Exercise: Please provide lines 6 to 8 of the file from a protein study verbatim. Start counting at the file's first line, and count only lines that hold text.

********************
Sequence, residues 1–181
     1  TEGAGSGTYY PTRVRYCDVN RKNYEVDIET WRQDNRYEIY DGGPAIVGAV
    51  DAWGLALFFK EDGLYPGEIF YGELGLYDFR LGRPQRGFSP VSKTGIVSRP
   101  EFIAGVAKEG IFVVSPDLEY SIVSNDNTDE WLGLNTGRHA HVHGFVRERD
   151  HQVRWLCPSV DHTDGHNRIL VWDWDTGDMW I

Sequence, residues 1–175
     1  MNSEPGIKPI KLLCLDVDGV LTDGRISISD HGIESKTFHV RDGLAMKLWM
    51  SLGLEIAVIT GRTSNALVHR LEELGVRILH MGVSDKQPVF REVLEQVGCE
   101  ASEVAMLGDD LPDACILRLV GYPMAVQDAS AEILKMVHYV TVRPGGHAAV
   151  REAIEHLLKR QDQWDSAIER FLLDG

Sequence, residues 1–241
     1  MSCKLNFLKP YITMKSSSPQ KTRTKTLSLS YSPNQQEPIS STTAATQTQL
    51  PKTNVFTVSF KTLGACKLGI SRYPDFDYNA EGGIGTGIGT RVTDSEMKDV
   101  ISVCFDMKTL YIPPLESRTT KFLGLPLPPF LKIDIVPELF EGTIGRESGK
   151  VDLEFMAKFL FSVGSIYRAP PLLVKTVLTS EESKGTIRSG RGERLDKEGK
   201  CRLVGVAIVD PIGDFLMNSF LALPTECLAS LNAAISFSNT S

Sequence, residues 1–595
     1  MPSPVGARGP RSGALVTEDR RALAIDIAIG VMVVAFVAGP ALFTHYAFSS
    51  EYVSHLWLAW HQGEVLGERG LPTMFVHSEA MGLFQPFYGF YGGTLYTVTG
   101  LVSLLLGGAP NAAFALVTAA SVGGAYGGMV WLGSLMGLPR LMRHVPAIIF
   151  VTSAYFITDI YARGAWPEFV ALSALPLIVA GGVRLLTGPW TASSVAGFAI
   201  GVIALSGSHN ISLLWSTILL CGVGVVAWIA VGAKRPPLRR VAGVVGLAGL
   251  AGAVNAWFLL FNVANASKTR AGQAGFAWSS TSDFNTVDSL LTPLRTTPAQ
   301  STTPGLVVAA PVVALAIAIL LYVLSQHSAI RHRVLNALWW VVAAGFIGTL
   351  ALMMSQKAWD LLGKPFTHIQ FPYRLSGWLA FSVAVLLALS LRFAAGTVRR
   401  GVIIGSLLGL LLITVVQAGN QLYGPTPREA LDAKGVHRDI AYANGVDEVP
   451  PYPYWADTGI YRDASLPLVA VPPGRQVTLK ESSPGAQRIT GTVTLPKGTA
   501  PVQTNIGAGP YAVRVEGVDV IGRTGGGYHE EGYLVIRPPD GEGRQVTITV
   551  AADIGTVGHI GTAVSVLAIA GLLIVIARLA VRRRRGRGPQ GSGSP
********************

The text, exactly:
Sequence, residues 1–175
     1  MNSEPGIKPI KLLCLDVDGV LTDGRISISD HGIESKTFHV RDGLAMKLWM
    51  SLGLEIAVIT GRTSNALVHR LEELGVRILH MGVSDKQPVF REVLEQVGCE